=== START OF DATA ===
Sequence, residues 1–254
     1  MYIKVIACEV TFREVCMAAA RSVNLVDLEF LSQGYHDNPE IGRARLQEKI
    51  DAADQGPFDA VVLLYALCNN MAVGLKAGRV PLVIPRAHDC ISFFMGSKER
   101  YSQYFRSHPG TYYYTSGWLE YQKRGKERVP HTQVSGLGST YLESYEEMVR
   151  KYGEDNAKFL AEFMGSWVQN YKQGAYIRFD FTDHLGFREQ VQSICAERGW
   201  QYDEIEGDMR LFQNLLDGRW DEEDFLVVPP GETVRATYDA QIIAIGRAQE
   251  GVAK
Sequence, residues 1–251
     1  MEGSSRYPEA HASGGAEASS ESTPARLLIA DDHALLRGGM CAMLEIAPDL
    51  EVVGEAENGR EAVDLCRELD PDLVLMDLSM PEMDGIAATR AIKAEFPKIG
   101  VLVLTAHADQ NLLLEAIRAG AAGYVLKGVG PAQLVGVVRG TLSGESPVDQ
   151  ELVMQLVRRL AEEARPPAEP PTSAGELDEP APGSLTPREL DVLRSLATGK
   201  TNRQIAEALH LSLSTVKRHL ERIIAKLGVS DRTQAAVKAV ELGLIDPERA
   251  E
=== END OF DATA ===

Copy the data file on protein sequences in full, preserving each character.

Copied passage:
Sequence, residues 1–254
     1  MYIKVIACEV TFREVCMAAA RSVNLVDLEF LSQGYHDNPE IGRARLQEKI
    51  DAADQGPFDA VVLLYALCNN MAVGLKAGRV PLVIPRAHDC ISFFMGSKER
   101  YSQYFRSHPG TYYYTSGWLE YQKRGKERVP HTQVSGLGST YLESYEEMVR
   151  KYGEDNAKFL AEFMGSWVQN YKQGAYIRFD FTDHLGFREQ VQSICAERGW
   201  QYDEIEGDMR LFQNLLDGRW DEEDFLVVPP GETVRATYDA QIIAIGRAQE
   251  GVAK
Sequence, residues 1–251
     1  MEGSSRYPEA HASGGAEASS ESTPARLLIA DDHALLRGGM CAMLEIAPDL
    51  EVVGEAENGR EAVDLCRELD PDLVLMDLSM PEMDGIAATR AIKAEFPKIG
   101  VLVLTAHADQ NLLLEAIRAG AAGYVLKGVG PAQLVGVVRG TLSGESPVDQ
   151  ELVMQLVRRL AEEARPPAEP PTSAGELDEP APGSLTPREL DVLRSLATGK
   201  TNRQIAEALH LSLSTVKRHL ERIIAKLGVS DRTQAAVKAV ELGLIDPERA
   251  E